There’s only a week in between the end of the American hard court season in Miami and the beginning of the European clay court season. There’s a few very good reasons why players form drops when they first hit the red dirt or why niggling injuries rear their ugly heads.
When playing clay court tournaments the rallies are longer with the same rest period between points, meaning that the work to rest ratio changes and players need good endurance to survive a clay court tussle, even in best of three. This is part of the reason Rafa Nadal is so good on clay. He has better endurance that any athlete out there, with his VO2max (a measure of how efficiently he uses oxygen) apparently being 85, the same as Lance Armstrong, with a elite player sitting around 65. This just means that for each breath Rafa’s body and working muscles are getting a hell of a lot more oxygen than most other people.
The longer playing time seen on clay courts also affects heart rates, lactic acid build up and shots played, with players trying to catch each other off balance or hit the ball behind the other player. The lower friction resistance of a clay court also means that a player has more time to run around and hit their preferred shot.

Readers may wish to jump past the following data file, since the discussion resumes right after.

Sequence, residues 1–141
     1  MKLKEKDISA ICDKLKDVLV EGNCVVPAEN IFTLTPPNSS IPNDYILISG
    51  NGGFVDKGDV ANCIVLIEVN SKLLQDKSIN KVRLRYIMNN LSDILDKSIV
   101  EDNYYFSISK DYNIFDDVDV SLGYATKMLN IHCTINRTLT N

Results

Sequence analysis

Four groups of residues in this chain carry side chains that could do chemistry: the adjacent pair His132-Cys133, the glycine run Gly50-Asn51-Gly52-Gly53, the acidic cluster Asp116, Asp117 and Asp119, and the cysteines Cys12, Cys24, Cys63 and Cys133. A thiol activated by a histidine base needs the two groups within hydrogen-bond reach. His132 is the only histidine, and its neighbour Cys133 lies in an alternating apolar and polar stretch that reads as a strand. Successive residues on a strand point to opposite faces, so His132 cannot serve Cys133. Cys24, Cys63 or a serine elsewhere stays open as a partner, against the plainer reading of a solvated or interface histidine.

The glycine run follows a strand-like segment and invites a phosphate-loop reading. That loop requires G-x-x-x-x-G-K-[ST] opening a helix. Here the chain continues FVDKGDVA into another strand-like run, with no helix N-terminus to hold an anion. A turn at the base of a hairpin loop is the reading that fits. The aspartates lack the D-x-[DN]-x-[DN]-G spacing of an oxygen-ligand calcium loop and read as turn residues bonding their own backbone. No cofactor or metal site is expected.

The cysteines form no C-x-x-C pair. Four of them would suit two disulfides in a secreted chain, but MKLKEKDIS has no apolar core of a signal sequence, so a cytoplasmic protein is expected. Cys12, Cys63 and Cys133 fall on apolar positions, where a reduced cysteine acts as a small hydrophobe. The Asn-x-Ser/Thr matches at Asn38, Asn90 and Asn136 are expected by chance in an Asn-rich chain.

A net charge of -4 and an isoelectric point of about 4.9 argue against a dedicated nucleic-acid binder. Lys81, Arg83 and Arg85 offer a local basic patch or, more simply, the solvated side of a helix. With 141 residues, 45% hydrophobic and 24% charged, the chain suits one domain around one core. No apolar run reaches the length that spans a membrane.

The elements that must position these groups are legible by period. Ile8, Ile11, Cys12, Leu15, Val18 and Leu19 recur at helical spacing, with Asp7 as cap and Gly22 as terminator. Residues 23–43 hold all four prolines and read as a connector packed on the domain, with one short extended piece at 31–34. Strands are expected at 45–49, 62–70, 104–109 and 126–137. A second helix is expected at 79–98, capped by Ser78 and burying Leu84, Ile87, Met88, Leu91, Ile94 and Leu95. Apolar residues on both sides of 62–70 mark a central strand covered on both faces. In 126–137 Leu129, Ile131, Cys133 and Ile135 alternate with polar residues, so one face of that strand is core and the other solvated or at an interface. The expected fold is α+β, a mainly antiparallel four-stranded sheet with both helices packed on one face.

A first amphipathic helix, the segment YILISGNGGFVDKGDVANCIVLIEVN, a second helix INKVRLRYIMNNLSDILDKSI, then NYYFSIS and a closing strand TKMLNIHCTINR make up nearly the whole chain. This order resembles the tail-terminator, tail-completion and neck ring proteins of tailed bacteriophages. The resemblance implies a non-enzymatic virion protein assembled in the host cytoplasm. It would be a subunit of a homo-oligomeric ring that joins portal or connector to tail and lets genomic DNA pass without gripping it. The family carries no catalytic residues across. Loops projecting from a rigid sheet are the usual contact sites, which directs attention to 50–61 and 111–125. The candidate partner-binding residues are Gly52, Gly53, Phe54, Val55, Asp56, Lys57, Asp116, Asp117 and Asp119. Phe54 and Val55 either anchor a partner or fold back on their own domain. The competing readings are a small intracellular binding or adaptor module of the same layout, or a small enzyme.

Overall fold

Hard court points are generally only a few shots and are of much shorter duration and significantly less forgiving on the joints. When a player tries to stop and change directions in a hard court match, they’re basically relying on the muscles and joints (and a little bit of slide). On a clay court a player can slide to decelerate.
A player also needs to slide on a clay court and be prepared for dramatic changes in court speed during a match if, for example, a wet court dries. Sliding means a player needs to have good lower limb strength to develop power into their shot while sliding as well as good balance.
Sliding is one of the other reasons Rafa Nadal is head and shoulders about the rest on a clay court. He plays left but is naturally right handed. A person generally has better balance to their dominant side, but because Nadal is dominant to both sides, he has a unique ability to slide well to both sides, making him more effective and efficient.
While hard courts have more jarring, and general joint abuse style injuries, injuries on a clay court tend to come from falling if a players balance is average (or if they just fall) or because of fatigue from longer play duration.
A player who plays more clay court tournaments is less likely to have knee injuries than a player who plays a lot of hard court tournaments.